How the Accord will be governed and its relationship to WHO defined. It is expected that there will be a Conference of Parties (COP) as part of the governance.



How does this fit with the existing global order?
The International Health Regulations (IHR) are the only existing global framework for preparing and responding to health emergencies. As a legally binding agreement, it requires countries to report outbreaks with risk of international spread to WHO and respond to national health threats. The COVID-19 pandemic exposed IHR’s limits, and as such, a Working Group on Amendments to the IHR (WGIHR) is negotiating over 300 amendments put forward by countries and other stakeholders. This process is separate from, but complementary to, the INB negotiations on the Pandemic Accord. The concurrent negotiations in the INB and the WGIHR pose a challenge, and it is critical that there is alignment and coherence between these two ongoing processes.

What is the legal status of a Pandemic Accord?
In July 2022, Member States agreed to adopt the Pandemic Accord under Article 19 of the WHO Constitution. According to WHO, “Article 19 gives the 194 Member States forming the Health Assembly the authority to adopt conventions or agreements on any matter within WHO’s competence.” Only one other agreement has been established under Article 19 to date, the WHO Framework Convention on Tobacco Control, which has made a substantial contribution to saving lives. Like the FCTC, the Pandemic accord is an ‘opt-in’ arrangement which means that countries will have the choice to join the accord, usually after they ratify the accord at national level. It will be legally binding for the countries opting to join the accord.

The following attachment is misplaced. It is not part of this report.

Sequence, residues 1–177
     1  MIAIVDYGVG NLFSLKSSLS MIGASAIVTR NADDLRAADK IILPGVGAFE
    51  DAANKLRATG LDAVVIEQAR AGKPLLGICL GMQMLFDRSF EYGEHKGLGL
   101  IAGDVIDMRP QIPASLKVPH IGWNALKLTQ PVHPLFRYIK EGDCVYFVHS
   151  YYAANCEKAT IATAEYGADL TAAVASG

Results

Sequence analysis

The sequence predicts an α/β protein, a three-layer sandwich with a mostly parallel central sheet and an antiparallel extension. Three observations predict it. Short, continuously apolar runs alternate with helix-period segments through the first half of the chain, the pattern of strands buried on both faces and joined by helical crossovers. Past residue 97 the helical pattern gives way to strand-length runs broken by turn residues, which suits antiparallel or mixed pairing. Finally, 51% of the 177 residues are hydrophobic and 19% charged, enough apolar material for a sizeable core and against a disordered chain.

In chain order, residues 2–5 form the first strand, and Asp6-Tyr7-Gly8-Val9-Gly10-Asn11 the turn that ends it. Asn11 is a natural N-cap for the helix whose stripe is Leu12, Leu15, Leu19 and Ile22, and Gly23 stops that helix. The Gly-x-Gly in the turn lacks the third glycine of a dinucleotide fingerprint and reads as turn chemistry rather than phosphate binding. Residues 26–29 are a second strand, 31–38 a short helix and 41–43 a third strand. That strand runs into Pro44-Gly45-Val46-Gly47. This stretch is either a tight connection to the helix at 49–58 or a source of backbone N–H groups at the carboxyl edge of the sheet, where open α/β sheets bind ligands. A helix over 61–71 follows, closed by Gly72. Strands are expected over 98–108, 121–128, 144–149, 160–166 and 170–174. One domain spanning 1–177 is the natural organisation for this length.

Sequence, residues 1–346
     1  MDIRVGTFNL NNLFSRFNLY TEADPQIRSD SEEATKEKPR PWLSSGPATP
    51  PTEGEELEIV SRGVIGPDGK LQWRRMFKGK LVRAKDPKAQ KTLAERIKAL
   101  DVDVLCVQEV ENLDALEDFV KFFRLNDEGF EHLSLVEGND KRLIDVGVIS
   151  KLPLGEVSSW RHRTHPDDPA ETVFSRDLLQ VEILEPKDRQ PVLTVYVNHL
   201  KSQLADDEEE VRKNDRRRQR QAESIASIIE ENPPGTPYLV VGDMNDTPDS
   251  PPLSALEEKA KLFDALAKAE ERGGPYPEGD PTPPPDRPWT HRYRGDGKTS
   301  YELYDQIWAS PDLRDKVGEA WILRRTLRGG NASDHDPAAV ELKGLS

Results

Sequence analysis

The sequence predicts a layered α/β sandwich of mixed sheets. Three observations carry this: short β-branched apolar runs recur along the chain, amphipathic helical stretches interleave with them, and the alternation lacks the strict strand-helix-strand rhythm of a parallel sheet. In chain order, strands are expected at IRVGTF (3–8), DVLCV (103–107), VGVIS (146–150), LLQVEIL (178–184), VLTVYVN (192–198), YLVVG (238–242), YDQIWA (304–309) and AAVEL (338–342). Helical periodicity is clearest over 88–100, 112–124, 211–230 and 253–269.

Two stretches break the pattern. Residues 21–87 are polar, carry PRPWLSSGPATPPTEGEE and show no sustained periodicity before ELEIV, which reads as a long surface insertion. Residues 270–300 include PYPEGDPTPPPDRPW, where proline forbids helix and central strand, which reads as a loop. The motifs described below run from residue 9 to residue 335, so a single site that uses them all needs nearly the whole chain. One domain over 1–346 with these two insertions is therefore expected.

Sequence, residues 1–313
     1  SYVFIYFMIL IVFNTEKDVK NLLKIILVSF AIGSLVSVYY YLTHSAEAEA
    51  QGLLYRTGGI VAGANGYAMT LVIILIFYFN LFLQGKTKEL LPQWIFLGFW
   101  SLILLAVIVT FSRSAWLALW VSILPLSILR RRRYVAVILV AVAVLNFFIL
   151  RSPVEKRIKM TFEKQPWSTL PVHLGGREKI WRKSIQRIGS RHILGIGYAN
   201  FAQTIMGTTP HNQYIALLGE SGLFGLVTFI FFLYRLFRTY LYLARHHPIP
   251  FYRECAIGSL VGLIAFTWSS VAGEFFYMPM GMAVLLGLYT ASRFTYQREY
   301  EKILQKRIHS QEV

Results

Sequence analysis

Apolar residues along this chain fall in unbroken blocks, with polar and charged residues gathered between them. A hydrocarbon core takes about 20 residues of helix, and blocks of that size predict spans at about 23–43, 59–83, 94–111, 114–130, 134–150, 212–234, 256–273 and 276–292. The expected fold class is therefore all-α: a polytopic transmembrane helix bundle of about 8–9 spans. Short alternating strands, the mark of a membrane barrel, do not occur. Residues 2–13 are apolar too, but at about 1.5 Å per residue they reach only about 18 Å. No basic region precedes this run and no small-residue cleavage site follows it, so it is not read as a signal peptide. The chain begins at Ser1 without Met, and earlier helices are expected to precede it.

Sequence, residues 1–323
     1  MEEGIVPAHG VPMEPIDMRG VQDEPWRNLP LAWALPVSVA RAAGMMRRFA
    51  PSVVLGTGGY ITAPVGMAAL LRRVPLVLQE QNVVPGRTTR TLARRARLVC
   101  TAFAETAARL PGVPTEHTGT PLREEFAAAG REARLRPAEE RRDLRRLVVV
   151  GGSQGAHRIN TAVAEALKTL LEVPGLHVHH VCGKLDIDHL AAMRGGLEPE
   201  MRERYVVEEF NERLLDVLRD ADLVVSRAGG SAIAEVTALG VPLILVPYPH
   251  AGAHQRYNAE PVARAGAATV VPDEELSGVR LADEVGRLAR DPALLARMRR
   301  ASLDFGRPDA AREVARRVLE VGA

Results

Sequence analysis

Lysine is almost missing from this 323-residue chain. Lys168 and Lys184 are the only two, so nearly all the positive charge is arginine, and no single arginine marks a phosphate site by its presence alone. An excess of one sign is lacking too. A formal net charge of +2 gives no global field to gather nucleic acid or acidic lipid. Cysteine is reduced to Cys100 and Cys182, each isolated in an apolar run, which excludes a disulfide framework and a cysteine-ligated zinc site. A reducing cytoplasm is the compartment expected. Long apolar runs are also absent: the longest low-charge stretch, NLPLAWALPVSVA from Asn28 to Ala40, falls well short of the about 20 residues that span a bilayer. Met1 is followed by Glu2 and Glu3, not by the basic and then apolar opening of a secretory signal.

What is the legal status of the IHR?